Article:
By Jonathan Sperling
A hot meal and the chance to socialize with friends are some of the benefits of living in Queens’ tight-knit communities.
But those opportunities were almost taken away from a group of Astoria seniors, if not for their advocacy, support from local leaders and a bit of funding in the city’s new $92.8 billion budget.
The Astoria Houses Senior Center on Astoria Boulevard was saved from closure earlier this week after the city threatened to shut it down due to low attendance and proposed budget cuts — one of 12 such facilities operated by the New York City Housing Authority threatened with closure.
Residents of the Astoria Houses, however, were not having it.
After learning that they would be forced to take a bus to the at-capacity Queensbridge Houses senior center in Long Island City — more than 1.5 miles south — just to get a hot meal and some arts and crafts, they sprang into action. Astoria Houses Tenants Association President Claudia Coger, with the help of the Astoria Houses’ local representatives and Council Speaker Corey Johnson, led the charge.
“They thought it was ridiculous. Some of them were a little petrified, ‘What were we going to do?’ I said, ‘Listen, whatever happens, we’re not going anywhere,’” Coger told the Eagle when asked about residents’ reactions to the proposed closure.
Coger was right. The recently settled Fiscal Year 2020 budget transfers control of the senior center from NYCHA to the city’s Department for the Aging.
“I knew too that the community people here would not be transported. They wouldn’t do that. If they would’ve closed it, they would’ve shut down the lives of a lot of people,” Coger added.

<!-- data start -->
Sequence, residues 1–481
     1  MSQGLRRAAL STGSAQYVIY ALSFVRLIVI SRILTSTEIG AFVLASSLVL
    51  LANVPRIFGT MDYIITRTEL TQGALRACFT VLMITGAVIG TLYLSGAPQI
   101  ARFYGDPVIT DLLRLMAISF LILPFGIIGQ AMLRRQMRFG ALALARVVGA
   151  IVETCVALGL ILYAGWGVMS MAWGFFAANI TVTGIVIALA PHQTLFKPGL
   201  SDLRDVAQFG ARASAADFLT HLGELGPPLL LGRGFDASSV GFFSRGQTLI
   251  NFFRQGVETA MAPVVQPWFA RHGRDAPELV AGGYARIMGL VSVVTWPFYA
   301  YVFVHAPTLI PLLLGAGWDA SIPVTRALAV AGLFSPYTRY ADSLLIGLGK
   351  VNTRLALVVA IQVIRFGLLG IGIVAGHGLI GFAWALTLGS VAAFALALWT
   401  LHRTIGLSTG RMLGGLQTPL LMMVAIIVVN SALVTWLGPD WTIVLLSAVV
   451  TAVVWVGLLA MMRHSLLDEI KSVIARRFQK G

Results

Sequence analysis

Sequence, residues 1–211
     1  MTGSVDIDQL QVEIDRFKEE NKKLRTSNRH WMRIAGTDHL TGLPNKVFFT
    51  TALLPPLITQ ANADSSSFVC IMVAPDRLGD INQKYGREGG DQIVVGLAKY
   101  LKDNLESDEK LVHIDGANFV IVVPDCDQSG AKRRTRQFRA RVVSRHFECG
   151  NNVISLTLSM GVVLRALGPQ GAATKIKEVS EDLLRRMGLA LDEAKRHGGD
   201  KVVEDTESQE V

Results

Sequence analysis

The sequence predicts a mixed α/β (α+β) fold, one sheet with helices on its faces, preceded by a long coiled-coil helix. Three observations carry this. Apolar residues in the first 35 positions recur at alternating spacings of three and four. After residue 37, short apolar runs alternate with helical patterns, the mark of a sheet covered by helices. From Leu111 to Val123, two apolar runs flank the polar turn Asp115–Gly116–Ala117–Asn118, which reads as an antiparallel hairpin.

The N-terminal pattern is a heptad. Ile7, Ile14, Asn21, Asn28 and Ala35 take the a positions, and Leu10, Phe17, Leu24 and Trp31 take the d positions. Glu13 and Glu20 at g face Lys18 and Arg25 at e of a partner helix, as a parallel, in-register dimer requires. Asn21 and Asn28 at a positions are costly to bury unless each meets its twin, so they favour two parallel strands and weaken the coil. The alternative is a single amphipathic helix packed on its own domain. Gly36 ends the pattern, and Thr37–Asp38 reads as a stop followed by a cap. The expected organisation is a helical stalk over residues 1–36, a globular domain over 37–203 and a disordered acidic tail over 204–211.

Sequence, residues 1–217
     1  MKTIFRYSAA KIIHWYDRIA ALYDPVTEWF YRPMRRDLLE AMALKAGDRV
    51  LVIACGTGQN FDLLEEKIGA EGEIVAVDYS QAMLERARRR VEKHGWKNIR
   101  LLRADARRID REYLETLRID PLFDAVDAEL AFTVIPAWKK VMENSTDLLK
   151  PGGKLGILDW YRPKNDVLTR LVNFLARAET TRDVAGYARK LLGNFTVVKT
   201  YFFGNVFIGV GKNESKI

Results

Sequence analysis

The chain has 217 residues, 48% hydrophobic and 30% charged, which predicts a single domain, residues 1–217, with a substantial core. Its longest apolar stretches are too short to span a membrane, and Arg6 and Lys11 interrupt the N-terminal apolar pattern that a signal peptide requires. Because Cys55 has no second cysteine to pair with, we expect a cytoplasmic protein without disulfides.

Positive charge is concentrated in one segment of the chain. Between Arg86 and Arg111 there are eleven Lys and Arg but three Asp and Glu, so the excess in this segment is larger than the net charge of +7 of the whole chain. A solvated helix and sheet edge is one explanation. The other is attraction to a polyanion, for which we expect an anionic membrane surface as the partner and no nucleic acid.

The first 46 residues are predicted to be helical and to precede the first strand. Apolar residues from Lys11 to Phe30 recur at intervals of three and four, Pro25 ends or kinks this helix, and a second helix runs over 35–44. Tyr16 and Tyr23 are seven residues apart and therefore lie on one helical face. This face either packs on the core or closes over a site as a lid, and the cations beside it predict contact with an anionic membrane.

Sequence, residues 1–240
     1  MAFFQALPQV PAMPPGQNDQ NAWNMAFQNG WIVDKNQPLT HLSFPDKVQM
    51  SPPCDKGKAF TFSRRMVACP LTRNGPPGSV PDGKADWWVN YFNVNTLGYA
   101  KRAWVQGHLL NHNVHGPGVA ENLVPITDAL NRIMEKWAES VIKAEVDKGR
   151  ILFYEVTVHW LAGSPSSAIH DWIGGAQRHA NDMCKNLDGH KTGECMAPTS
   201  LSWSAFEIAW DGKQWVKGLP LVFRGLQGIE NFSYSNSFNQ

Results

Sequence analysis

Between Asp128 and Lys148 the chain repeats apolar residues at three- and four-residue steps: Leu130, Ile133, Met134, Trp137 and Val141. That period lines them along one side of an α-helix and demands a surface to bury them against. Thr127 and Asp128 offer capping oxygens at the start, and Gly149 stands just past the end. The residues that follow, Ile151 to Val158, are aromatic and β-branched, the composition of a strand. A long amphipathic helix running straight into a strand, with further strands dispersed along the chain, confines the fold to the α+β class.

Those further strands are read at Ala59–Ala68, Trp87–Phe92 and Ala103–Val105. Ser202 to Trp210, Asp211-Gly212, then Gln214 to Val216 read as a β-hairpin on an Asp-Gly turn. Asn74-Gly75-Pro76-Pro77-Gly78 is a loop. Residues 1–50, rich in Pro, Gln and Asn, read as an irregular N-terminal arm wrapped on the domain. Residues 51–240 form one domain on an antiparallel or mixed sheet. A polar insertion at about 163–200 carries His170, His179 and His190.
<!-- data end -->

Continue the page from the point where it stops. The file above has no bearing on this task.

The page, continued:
The proposed closure of the center was especially troubling due to the recent $500,000 worth of renovations it received under the Astoria Cove rezoning in 2014 for upgrades and expansion. The new facility — set to open in a few weeks, Councilmember Costa Constantinides told the Eagle — will give seniors more space to talk, play games and enjoy hot food.
During a celebration in front of the Astoria Houses on Thursday, Coger and other seniors praised God and thanked Constantinides for his support at the City Council level.
“It was going to be a real issue for our seniors, for getting a hot meal, for the socialization they deserved. We had fought so hard for them to get a renewed space here that looks like it finally going to open,” said Constantinides, who represents Astoria.
“We fought in budget negotiations to say this can’t happen. We have to ensure that this center stays open — not only stays open, but let’s be clear — that we get the things that were promised. Promises have to be kept,” he added.
Constantinides said the budget included an additional $500,000 for outdoor benches, flower beds and underground infrastructure for greenery and beautification around the senior center.
As Constantinides spoke, the group of seniors standing next to him gradually grew. They applauded after he mentioned that DFTA would take control of the center from NYCHA.
“It goes deeper than what you can see. We have people who have no relatives to look after them. They can at least come out of the house and get a hot meal and enjoy some arts and crafts and games,” Coger told the Eagle after the rally.
“We’re more than senior citizens, we’re family.”